A Week of Max Ernst: Friday

ernst-robing-of-the-bride[1]
The Robing of the Bride-Max Ernst 1940
Friday’s Ernst is a gorgeous, grotesque erotic fantasy. Ernst’s art is always cryptic and open to a wide range of interpretations but any interpretation of The Robing of the Bride will fall woefully short before this magnificent, sumptuous masterpiece.

The long-legged, small breasted  Bride is robed in spectacular, vivid red feathered cloak which also completely covers the face with the exception of a pair of owl eyes and a beak. To the left is a bird warrior/attendant whose spear (surely the symbolism is deliberate) is broken before the sexual glory of the Bride-Queen. To the right is a tiny weeping four-breasted hermaphroditic monster. Behind is an enraptured pale-skinned naked women with a stunning headdress that Ernst fashioned using decalcomania. The picture on the wall of another bride of another time amidst classical ruins also uses decalcomania for her robes.

Of all Ernst paintings The Robing of the Bride has the most visible alchemical and esoteric elements. The Bride is generally accepted as being inspired by Ernst’s lover and fellow Surrealist artist Leonora Carrington. Ironically the painting can be seen in the Peggy Guggenheim Collection in Venice. Both Guggenheim and Carrington were involved in a bitter rivalry for Ernst’s affectation. Guggenheim would become Ernst’s third wife in 1942 but the union was short lived. Ernst married his fourth wife Dorothea Tanning in 1946, they were to remain married until Ernst’s death in 1976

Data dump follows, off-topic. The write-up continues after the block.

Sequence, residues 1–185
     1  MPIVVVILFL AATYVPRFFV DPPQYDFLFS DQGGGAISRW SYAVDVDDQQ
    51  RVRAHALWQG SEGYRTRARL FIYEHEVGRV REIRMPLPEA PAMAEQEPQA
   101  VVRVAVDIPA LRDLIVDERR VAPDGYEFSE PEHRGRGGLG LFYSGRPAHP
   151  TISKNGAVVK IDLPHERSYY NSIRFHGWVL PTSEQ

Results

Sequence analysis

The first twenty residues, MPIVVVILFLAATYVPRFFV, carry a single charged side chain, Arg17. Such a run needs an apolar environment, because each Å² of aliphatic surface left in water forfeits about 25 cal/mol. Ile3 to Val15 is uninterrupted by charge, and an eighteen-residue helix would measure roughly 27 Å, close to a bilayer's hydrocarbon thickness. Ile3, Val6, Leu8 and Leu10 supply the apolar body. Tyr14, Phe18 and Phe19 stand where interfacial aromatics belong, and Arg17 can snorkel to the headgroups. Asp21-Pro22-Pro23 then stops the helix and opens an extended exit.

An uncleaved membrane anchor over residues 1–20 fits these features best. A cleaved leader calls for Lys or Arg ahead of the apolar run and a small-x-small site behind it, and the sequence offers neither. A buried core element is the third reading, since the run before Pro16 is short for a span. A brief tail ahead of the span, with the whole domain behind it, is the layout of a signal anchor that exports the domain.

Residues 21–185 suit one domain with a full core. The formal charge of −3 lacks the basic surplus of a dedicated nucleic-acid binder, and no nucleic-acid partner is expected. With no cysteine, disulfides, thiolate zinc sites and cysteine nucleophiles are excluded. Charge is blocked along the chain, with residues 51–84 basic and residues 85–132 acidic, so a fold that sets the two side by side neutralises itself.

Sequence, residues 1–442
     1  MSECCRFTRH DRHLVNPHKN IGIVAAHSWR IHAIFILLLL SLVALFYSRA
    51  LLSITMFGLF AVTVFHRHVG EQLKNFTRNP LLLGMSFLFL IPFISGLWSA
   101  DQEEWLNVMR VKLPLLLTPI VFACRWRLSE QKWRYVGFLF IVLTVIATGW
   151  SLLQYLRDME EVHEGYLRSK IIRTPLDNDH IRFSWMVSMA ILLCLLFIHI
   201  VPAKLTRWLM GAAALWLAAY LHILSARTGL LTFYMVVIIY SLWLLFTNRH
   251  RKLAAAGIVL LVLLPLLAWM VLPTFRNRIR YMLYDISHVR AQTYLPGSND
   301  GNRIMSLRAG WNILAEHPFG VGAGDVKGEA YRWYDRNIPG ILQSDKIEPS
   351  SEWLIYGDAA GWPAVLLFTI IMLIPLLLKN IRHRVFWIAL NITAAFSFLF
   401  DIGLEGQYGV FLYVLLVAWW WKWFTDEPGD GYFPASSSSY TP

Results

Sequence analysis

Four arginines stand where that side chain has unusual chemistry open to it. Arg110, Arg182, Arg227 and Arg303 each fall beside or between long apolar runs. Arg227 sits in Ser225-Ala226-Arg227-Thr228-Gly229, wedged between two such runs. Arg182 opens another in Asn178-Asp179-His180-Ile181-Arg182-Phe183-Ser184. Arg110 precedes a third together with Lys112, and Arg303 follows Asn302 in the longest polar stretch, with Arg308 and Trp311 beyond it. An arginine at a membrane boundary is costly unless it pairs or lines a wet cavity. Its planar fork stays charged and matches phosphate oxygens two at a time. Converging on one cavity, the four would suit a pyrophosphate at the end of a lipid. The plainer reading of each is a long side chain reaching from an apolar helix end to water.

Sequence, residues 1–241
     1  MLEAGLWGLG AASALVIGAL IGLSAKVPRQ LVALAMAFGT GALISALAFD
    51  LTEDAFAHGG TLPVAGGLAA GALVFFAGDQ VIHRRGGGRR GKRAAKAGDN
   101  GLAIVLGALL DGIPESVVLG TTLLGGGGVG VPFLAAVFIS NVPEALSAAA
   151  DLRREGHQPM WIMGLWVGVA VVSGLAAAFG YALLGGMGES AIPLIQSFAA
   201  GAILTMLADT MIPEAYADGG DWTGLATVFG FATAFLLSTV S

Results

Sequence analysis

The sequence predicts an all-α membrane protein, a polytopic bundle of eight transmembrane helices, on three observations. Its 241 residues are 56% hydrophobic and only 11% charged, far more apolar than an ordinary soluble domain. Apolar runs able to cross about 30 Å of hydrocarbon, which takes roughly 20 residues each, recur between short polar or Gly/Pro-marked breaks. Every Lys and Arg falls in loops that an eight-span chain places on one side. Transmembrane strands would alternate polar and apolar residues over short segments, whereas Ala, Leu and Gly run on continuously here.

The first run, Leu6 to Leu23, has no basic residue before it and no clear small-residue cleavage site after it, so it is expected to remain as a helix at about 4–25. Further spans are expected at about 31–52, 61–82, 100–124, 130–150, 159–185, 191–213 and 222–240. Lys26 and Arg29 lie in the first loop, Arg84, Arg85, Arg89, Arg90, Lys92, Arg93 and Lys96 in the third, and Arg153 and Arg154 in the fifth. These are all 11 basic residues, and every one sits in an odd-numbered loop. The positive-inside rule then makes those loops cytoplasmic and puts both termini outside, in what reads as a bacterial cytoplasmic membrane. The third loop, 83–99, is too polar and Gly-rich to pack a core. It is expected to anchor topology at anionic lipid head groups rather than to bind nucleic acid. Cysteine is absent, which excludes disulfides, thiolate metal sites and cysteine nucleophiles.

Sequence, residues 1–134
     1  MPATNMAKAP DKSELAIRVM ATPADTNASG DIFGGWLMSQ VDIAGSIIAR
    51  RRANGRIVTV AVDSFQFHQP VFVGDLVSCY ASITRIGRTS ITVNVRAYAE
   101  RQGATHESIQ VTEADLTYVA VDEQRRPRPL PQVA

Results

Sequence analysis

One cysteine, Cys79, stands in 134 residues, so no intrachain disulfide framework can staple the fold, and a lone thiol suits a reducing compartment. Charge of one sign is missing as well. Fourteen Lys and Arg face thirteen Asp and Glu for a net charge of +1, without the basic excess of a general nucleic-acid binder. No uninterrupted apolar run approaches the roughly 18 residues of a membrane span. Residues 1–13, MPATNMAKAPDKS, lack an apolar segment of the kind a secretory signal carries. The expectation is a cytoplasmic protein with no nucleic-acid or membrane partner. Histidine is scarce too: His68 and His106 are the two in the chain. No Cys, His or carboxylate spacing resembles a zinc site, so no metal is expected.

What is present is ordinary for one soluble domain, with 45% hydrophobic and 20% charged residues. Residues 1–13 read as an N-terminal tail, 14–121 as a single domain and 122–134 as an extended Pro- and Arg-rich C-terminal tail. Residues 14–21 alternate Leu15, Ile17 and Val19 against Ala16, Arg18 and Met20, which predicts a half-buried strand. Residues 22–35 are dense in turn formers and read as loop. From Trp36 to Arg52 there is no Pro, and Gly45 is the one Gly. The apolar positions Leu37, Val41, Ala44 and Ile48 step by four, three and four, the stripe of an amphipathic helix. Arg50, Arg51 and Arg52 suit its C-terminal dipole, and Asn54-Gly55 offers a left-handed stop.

Advertisements

40 thoughts on “A Week of Max Ernst: Friday

  1. Umm, this is such an odd painting!! I’d love to see it in person. There are so many things to stare at. That bird man- what an odd head on him. The owl mask/headdress, the tiny green frog/man/woman. So strange!!

    Liked by 1 person

  2. I wish I’d photographed more of the pieces I saw yesterday. My overstimulated brain has lost track of them all. I did see The Bride, The Forest and Garden Plane Trap. Nude Descending a Staircase? Is that Max? So much all at once. Forgot to mention that an Indestructible Object is on display, too. Just like the one at the Met.

    Liked by 1 person

Leave a Reply

Fill in your details below or click an icon to log in:

WordPress.com Logo

You are commenting using your WordPress.com account. Log Out / Change )

Twitter picture

You are commenting using your Twitter account. Log Out / Change )

Facebook photo

You are commenting using your Facebook account. Log Out / Change )

Google+ photo

You are commenting using your Google+ account. Log Out / Change )

Connecting to %s